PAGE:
If you have enough time to meet publication deadlines, consider home magazines. The problem with magazines, though, is that many homes might be sold by the time they hit the streets.
Cater Lunch for a Broker's Tour and Offer a Drawing
It's not uncommon for listing agents to pick up the cost of a catered lunch in some areas. Buyers' agents will generally linger in the home, noticing details that a fast tour would miss.
You might also consider offering a drawing for a free gift certificate or game tickets to buyers' agents who stop by for lunch.
Host an Open House Extravaganza
Organize other sellers in your neighborhood to work together on advertising a neighborhood open house, or ask your agent to blitz the area.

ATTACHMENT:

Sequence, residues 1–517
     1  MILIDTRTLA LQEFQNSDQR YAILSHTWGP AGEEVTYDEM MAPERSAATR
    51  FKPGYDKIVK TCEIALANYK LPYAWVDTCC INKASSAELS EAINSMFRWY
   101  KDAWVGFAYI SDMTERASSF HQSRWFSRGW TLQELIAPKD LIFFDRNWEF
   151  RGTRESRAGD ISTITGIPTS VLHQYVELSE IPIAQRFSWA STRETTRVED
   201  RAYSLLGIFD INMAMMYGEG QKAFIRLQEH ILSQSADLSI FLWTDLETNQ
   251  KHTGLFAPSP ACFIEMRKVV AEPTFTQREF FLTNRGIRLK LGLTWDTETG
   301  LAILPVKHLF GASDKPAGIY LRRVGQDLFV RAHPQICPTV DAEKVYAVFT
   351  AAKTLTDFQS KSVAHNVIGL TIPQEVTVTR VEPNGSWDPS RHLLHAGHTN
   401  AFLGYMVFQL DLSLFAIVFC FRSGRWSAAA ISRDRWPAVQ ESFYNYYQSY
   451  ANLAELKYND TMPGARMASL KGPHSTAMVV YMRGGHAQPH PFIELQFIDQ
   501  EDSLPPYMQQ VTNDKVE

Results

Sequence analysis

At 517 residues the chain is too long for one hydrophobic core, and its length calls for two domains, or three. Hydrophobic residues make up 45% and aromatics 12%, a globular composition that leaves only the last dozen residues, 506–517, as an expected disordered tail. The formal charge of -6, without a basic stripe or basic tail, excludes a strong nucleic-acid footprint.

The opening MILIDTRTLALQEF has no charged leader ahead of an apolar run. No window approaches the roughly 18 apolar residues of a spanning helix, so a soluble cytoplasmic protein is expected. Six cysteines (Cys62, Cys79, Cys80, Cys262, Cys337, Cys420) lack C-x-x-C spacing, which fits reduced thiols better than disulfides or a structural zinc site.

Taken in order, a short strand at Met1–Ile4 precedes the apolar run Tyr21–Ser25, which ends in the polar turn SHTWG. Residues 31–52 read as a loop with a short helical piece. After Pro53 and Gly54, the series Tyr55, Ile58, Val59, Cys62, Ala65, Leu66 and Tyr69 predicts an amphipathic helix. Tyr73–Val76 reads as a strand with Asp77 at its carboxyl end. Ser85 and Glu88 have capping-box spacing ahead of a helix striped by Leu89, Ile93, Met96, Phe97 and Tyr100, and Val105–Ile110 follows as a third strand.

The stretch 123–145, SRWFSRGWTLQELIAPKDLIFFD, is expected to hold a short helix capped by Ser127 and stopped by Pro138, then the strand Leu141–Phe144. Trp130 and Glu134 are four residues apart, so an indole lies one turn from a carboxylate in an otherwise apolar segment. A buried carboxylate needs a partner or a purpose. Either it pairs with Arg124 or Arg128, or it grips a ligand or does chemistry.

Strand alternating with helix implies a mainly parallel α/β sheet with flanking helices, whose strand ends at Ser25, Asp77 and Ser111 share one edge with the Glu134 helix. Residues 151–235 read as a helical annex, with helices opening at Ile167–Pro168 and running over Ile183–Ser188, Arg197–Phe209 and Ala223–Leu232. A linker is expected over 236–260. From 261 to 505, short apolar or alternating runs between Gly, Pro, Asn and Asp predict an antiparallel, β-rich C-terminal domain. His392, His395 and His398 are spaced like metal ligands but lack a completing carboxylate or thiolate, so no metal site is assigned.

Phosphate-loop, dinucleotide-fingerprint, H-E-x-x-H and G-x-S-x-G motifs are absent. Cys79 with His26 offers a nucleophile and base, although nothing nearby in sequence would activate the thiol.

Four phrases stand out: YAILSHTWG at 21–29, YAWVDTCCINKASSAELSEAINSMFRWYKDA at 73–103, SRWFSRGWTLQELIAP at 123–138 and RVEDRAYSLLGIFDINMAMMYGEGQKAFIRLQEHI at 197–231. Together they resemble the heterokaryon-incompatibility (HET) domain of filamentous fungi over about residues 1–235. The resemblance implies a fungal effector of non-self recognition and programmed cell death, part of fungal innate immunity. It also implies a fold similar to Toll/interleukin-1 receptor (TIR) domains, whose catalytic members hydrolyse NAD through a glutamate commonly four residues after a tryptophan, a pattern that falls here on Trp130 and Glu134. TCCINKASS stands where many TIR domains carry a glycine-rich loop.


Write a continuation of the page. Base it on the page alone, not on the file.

Publicize the event everywhere. Hire a sign waver—somebody to stand on a prominent street corner with an open house sign arrow. It might cost $20 an hour or so, but it will get attention.
Serve hot dogs and soft drinks. Buy brightly colored helium balloons and hang up streamers, and you can even hire a clown to entertain children.
Bribe Buyers With a Prize or Giveaway
Offer a free book or prize to every homebuyer who tours your property. Enter their name into a drawing for a weekend getaway or big sporting event. Do the drawing 30 to 60 days ahead of the event. Advertise the incentive in the newspaper, online, and in your listing.
Send Out E-Flyers
It's relatively easy and inexpensive to create an e-flyer. V-flyers is one online source that's free. Use it or a similar source to e-mail the flyer to every person in your email address book. Ask your agent to send e-flyers to every agent who works in your area and to those outside your area who bring buyers to your city.
Make a Limited-Time Offer